It’s a bad thing because some people rely on video games to make friends and socialise so without those socialising skills online people can’t rely on video games to make friends they will fail to understand how to make friends in real life as it is harder.
I think yes social games should have a time limit but things like candy crush, manor matters etc. should be allowed as no socialising skills are involved so they won’t affect people’s social life. But people should be careful on how long they play games like that.
by Hannah

Ozzy doesn’t like fireworks

It was the November 5th, bonfire night. Bethany looked at Ozzy and said; ‘I know how much you don’t like this… Sorry, but I can’t stop it,’
Ozzy had dreaded this day ever since he was a little puppy. He hid under furniture, cuddled with Bo, and stared outside the window – waiting for anyone to come – he wouldn’t mind if this was Megan, Bethany, Grace, Hannah… anyone! He knew at night everyone would leave and he would be left alone with Bo. Then, he would start hearing loud and scary bangs coming from every direction.
‘Ozzy! Bo! Come here!’ Megan shouted ecstatically. Ozzy and Bo both sprinted to the kitchen, to see Megan and Bethany holding their favourite treats. Bethany threw the treat to Ozzy, and he caught it in the air – he then happily ate it. ‘I’m sorry, Ozzy.. Bye!’ Bethany sighed.
‘See you! Bye!’ Megan shouted joyfully, ‘I can’t wait to see these fireworks.’ Then they left, locking the door behind them, but leaving the garden door open just in case any of the dogs needed the toilet.
A few minutes after they left, the banging started. Bang! Crack! Boom! Pop! Ozzy ran frantically around the dining table. What would he do? He has to protect his family, but the a fence was in the way!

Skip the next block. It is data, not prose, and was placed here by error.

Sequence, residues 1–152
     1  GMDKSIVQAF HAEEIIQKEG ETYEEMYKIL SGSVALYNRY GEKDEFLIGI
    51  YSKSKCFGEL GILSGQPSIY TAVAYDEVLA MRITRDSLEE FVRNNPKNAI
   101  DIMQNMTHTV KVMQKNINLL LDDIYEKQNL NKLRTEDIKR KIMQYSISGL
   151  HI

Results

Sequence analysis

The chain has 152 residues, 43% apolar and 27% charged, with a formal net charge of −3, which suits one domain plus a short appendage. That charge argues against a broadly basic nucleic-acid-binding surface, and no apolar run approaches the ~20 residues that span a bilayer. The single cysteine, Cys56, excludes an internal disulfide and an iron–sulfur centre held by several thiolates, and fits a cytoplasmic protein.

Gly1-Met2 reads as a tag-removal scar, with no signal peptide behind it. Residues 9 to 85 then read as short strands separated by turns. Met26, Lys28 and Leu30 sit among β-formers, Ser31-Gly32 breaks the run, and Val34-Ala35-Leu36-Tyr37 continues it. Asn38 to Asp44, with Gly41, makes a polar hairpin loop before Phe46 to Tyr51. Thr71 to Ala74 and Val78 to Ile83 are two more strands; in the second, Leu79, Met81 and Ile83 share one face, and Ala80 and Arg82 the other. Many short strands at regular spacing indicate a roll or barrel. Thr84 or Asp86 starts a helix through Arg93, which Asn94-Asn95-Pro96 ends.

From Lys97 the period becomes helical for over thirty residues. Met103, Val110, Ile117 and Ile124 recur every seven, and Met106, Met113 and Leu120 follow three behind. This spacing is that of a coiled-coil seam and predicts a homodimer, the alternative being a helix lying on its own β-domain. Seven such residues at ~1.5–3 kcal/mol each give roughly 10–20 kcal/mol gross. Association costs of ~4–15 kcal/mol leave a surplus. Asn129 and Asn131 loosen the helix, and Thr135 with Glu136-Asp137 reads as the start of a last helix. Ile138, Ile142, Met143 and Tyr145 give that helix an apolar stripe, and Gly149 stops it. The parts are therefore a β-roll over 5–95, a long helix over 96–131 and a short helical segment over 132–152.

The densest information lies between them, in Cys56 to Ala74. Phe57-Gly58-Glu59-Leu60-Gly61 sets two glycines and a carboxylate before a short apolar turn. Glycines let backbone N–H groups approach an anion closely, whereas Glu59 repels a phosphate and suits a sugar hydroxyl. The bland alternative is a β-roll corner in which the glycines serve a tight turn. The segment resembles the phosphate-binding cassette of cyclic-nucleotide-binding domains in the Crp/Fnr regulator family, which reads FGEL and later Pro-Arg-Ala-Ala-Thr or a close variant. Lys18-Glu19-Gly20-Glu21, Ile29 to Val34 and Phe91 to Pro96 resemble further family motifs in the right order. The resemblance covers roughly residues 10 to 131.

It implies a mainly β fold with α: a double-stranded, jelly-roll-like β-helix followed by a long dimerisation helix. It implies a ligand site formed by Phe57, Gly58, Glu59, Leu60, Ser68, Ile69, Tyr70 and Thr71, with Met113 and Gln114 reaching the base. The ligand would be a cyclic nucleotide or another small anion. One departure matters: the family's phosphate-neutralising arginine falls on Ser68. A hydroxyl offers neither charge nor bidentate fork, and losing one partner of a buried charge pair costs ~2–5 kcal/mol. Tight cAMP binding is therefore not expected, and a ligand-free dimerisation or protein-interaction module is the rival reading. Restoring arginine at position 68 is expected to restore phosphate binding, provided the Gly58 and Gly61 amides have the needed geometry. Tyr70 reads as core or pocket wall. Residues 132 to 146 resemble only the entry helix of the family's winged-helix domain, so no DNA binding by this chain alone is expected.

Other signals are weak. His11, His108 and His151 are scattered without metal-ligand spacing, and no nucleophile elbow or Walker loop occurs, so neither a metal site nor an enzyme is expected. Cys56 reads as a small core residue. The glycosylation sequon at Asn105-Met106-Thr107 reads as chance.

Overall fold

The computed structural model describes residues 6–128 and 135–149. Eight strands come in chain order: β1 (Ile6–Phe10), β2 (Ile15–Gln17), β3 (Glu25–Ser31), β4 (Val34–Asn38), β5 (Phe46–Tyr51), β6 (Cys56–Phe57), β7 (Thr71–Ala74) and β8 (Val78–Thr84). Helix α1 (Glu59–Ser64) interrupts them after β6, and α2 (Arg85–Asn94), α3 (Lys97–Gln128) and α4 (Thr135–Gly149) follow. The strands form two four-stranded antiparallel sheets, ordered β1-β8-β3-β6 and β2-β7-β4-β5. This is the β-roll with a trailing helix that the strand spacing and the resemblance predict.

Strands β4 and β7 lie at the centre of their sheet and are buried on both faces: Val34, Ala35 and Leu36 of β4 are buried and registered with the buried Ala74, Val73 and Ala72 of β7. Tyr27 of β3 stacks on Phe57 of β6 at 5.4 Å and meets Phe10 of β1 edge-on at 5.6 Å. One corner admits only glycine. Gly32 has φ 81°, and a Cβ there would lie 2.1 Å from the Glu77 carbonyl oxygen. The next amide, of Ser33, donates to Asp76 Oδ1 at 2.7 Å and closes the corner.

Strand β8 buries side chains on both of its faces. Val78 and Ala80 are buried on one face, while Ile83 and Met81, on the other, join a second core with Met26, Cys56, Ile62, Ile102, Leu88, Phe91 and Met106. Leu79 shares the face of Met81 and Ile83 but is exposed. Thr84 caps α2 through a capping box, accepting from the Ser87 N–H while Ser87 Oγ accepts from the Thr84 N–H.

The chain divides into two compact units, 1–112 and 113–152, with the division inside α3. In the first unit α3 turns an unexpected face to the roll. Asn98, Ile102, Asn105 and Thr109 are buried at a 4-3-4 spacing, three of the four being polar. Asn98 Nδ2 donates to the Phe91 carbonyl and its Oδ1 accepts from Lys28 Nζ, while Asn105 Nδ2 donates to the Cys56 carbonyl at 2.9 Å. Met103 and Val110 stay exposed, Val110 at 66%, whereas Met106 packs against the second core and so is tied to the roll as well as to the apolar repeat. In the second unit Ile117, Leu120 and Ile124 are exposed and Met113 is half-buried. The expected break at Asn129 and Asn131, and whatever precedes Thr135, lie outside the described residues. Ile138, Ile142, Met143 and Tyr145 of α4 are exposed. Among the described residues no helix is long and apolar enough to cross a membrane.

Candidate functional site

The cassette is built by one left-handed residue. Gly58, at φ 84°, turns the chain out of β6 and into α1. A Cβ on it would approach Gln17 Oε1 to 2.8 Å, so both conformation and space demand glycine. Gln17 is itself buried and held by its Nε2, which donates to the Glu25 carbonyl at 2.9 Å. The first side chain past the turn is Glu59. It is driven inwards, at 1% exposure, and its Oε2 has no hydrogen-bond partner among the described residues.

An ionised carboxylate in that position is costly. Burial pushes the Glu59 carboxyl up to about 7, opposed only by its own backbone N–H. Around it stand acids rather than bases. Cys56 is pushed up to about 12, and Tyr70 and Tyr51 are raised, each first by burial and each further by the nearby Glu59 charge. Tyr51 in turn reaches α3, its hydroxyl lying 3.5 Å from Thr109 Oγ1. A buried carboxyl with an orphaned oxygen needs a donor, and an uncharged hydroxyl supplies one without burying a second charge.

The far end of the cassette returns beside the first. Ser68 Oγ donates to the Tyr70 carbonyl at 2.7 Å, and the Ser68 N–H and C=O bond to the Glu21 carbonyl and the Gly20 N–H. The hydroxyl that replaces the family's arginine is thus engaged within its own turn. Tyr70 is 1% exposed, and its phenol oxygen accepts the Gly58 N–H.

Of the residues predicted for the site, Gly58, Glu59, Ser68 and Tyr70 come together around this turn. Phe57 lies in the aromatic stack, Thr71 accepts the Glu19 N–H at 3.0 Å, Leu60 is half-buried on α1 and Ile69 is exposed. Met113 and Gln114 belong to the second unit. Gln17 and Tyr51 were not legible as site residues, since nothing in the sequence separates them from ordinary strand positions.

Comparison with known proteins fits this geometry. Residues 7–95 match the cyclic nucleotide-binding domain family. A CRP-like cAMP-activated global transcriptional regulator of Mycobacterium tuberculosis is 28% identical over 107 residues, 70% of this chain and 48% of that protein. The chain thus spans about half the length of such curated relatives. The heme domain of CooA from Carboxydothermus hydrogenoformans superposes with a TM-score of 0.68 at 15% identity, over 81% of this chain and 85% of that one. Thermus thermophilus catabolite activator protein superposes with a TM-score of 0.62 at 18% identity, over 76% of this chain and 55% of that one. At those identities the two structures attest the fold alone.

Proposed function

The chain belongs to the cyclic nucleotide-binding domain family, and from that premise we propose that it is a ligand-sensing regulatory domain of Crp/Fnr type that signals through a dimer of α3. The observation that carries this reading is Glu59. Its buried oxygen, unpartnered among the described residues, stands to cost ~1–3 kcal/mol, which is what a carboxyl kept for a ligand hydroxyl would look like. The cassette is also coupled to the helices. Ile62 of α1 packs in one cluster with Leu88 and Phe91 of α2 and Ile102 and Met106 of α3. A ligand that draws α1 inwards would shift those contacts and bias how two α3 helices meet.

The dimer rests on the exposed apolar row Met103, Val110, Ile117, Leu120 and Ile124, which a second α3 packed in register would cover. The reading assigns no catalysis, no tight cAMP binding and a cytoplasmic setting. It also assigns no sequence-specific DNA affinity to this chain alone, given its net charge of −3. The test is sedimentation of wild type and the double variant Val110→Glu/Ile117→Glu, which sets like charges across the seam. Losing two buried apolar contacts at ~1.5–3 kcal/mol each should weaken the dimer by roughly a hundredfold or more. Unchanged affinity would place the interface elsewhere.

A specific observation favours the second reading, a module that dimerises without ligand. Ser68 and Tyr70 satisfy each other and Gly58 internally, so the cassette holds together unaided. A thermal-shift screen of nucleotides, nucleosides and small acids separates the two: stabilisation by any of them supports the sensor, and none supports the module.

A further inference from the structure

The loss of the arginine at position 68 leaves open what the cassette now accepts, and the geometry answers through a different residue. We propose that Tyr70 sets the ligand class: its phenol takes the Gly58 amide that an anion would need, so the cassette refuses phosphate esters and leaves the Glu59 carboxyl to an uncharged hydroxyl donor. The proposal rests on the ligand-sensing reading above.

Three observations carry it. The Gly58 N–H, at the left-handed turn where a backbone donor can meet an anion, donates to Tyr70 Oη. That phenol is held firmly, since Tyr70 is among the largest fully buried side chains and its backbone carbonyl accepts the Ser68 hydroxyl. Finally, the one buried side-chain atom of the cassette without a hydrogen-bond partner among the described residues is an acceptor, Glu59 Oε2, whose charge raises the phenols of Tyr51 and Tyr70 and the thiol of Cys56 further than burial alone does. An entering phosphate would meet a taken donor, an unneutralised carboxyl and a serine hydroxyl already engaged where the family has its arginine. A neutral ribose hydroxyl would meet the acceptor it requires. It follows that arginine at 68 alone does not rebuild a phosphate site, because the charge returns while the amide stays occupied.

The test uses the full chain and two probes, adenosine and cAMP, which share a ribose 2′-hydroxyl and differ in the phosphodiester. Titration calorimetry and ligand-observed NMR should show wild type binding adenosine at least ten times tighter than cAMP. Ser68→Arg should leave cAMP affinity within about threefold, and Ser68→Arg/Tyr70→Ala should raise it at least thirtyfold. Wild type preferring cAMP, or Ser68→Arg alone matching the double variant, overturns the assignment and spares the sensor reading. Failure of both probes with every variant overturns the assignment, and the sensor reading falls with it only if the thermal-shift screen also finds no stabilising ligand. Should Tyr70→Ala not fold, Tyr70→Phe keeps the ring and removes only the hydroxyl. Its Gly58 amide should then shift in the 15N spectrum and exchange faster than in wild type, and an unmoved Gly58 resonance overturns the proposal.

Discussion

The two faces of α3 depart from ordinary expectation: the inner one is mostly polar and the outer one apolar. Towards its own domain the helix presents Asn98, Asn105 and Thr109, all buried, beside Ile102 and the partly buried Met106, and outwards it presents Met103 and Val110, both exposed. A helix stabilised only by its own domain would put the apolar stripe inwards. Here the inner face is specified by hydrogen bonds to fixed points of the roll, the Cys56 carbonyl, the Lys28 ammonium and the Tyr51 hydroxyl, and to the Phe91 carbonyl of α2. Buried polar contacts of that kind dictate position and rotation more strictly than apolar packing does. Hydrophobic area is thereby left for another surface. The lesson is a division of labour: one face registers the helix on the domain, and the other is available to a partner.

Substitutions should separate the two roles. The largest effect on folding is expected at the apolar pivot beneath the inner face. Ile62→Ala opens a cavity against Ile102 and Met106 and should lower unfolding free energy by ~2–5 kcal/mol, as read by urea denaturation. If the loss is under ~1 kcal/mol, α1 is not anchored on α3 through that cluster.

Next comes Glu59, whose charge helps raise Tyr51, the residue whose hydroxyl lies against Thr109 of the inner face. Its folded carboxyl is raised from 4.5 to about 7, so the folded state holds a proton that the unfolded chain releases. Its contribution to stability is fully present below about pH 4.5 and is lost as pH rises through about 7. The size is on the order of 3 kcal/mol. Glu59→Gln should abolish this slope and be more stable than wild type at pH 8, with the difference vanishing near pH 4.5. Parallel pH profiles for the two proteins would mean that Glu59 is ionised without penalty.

Ozzy managed to spot some crates, stacked like a staircase, so he sprinted at top speed to climb up the crates. He managed to jump over the the tall wooden fence, and then started sprinting towards the loud bangs. It was a guess, but his instinct told him to.
After a while of running across the Amble streets, Ozzy could see his family making their way to the fireworks, so he alerted them by barking loudly. ‘Ozzy! How did you get here?’ Bethany sighed ‘At least I brought noise-cancelling headphones. You can use them!’
Ozzy wore the headpones, happy to not be alone anymore.

By Grace


Wildlife v weeds

Photo by Sue Rzepczynski

When people think of wild areas they often think of woodlands and forests, or even rolling fields and meadows, but when it comes to certain plants people turn their noses up. Areas with weeds are seen as untidy and against our perfect pictures of nature, but they can actually be very wild too.

Many of those native ‘weed’ flowers that appear in your garden early on in spring are great for the bees and butterflies, growing easily and providing pollen and nectar to get them through which otherwise would be hard to get. Weeds help the ecosystem, are easy to maintain and are able to adapt to their surroundings, but they’re also the first plants to ‘colonise’ a particular area to make it suitable to growing.

This is what’s happened in a particular place in Amble. The strip of land at the rear of Broomhill Street used to be used for boat storage and had a hard core put down on it but, despite the challenges, nature has thrived over lockdown.

“The area has been covered with a wide range of wild and native flowers,” says Sue Rzepczynski, who lives near the area and is advocating to keep it wild, “It’s a haven for insects, butterflies and bees, not to mention the rabbits and birds who have made it their home.”

Recently, weed killer has been put down and there are plans to cut back the weeds after people have complained that it looks untidy, but this could be the perfect opportunity to let nature reclaim some of the land. “Recent climate events are a loud call to us to try and repair some of the damage the human race has done.”

If this area and places like it could be made even better and developed into a protected, wild habitat then it could be something for Amble to be proud of. With some informative signs explaining the wildlife diversity and the purpose of the place, people might begin to appreciate that weeds aren’t the untidy nuisances we think they are.

The best course, as always, is letting nature take the lead.
By Lily